Getting it done prevents a long list of things-to-do and overthinking where to start. Prioritizing, and starting with the most important tasks probably should be tackled first. But should it become too much to handle. Take a ten-minute mental break (nothing longer) breathe in and out, then, attack the smaller projects first.
It is human nature to feel great about accomplishing. Knocking one thing off the list will give a boost of confidence to handle the bigger projects.
Tip: Where you begin to overthink, replace it with self-reflection, what you have accomplished, or take a self-care timeout. Just remember when reflecting, revisit those things that made you feel good or deserves a pat on the back (accomplishments).
When I think back over the dark moments I have come through, how far I’ve come and grown. It brings a smile to my face and a feeling of pride. My therapist instructed me to always acknowledge and cheer for the small wins as well as the big ones.
I hope I have given you something to consider when dealing with overthinking.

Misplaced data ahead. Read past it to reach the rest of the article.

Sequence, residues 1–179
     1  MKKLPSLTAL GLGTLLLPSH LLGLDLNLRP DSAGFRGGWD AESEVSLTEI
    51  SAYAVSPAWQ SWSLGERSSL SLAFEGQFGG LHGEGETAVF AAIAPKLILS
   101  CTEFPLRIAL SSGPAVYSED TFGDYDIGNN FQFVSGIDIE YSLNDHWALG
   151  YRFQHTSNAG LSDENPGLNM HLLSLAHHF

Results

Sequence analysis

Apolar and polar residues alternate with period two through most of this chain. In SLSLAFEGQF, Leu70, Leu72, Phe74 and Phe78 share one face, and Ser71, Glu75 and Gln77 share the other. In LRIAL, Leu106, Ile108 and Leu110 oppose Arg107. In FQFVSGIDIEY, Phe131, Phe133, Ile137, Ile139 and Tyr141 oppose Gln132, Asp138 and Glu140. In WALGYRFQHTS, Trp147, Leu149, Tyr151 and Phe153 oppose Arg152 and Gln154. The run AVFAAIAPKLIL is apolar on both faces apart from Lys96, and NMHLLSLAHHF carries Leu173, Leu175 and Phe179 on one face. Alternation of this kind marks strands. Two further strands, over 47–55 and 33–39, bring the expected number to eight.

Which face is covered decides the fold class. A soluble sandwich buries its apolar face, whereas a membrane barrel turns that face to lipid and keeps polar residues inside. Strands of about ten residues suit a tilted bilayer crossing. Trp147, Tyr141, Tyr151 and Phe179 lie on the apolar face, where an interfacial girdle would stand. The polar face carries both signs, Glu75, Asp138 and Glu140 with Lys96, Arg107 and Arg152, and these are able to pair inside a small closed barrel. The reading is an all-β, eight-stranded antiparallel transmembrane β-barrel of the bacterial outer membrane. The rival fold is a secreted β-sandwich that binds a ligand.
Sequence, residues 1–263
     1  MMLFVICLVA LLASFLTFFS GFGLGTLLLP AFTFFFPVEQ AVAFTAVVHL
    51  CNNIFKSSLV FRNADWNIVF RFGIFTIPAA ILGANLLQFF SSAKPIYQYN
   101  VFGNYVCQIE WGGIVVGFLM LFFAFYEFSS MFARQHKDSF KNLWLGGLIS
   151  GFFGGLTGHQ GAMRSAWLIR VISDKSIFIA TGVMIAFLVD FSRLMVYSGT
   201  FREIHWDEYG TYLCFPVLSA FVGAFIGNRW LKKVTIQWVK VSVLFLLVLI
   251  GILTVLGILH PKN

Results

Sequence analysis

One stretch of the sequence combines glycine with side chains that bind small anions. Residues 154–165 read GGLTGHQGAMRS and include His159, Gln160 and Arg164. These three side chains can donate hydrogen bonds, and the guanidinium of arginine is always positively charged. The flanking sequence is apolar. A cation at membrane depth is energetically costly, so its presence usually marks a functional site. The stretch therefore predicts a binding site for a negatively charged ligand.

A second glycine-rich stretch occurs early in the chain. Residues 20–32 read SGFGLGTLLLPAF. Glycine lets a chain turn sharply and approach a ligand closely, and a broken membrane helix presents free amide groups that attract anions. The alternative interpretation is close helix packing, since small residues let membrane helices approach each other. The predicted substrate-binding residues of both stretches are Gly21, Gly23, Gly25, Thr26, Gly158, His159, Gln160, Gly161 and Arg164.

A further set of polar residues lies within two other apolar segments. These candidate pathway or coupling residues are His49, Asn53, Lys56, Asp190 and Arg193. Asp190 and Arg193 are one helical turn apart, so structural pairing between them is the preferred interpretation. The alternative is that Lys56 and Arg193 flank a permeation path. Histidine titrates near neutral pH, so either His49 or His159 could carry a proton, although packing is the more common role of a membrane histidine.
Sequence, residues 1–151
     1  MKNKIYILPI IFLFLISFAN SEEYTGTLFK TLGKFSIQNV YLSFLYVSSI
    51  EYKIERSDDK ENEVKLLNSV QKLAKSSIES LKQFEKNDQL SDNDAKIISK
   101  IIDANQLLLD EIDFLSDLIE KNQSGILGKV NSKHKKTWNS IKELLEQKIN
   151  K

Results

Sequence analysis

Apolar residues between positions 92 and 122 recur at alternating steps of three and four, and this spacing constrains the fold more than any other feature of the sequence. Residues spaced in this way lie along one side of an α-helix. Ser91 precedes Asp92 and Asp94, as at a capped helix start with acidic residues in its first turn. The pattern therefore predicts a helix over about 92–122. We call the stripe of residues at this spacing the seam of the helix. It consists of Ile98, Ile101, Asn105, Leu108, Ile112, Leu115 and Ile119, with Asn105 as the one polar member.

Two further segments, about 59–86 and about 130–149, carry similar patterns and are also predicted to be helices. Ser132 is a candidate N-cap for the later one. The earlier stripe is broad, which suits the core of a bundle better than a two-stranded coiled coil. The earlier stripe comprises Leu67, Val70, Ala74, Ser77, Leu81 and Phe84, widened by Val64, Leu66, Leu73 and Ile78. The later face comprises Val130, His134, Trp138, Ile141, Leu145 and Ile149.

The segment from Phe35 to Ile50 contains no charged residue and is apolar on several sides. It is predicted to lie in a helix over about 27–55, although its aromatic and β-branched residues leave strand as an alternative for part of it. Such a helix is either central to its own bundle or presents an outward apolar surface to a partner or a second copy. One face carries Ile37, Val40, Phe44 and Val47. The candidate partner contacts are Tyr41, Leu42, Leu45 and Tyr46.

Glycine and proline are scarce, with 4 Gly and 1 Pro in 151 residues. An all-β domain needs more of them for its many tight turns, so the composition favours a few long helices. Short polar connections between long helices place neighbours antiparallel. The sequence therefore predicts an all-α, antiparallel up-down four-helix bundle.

Whichever flower you choose to be BLOOM sister!
Does success equal a fancy car, a compound that can house twelve families, only three people occupy the space? Or is success any size home filled with the things we love most like: family and friends, laughter, with moments adorning the walls, and the aroma of tranquility filling the rooms?
Success for me is a place of being true to self with a heart of gratitude. That way, wherever I may go, I am unapologetically happy with who I am and what I do.
I have always been one to go after what I wanted. I wanted it so badly I neglected my physical and mental health thriving to achieve material things. Do not get me wrong, there is nothing wrong with working hard or having material things unless those things like my case compromise your overall well-being.
Success is done with balance. Balancing the mind, body, spirit, financials, and relationships